Emily Brontë’s Gondal poems relate to characters in the stories, who came from either side of two warring factions. Early biographers of Emily assumed that the events described in the poems related to her own life, but instead they were figments of her extremely active imagination, and, like Wuthering Heights, not directly written from personal experience. Charlotte Brontë’s poem ‘The Foundling’ tells the story of a young man who emigrates to Glass Town. There he gets involved in politics, falls in love and discovers that he is of a noble background.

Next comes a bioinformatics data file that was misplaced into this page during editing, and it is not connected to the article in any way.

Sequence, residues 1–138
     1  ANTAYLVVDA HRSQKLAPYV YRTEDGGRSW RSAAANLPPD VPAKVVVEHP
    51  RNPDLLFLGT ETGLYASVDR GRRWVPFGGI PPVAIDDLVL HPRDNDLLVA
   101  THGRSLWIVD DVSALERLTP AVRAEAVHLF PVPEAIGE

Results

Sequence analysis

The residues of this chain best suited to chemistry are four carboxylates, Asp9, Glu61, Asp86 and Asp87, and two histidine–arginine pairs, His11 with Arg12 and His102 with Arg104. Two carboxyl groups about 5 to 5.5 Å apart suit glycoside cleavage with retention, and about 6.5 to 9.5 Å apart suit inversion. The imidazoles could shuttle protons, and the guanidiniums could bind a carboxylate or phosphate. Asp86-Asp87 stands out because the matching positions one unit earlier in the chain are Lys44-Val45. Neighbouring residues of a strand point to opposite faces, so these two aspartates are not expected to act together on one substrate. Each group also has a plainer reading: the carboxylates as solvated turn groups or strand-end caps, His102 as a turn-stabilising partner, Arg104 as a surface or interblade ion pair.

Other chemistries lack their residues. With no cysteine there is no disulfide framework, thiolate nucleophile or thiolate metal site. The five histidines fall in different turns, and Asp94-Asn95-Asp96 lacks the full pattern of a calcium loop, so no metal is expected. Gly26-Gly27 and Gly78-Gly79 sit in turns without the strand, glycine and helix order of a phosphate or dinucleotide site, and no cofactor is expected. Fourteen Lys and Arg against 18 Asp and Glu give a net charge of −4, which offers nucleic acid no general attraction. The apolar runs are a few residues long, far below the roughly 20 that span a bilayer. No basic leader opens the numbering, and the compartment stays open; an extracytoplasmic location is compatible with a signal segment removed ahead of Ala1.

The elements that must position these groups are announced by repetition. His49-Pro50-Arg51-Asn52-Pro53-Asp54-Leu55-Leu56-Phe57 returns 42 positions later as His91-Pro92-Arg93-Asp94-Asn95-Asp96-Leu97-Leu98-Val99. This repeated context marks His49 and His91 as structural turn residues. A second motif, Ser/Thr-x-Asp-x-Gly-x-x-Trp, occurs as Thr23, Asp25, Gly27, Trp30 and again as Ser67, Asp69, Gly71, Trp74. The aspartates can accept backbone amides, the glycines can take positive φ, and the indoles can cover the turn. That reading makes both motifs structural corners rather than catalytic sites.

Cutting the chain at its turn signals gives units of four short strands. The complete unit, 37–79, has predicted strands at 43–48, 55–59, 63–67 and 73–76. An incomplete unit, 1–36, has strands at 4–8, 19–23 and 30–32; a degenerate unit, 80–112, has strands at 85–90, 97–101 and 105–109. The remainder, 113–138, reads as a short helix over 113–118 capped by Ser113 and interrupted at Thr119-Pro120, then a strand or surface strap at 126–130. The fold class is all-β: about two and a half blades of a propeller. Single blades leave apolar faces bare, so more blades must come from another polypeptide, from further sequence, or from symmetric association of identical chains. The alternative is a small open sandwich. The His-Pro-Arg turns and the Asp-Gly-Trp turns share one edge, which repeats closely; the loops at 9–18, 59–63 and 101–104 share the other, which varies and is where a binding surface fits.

While the sense of fantasy is strong, there are teasing examples of what might be called the beginnings of science fiction.“I hope the exhibition at the British Library will challenge what people think of as science fiction and show that it is not a narrow genre, but something that appears in many times, cultures, and literary forms. It embraces works of utopian and speculative fiction that many people may not consider as 'Science Fiction', such as Mary Shelley’s Frankenstein, George Orwell’s 1984 and Audrey Niffeneger’s The Time-Traveler’s Wife.”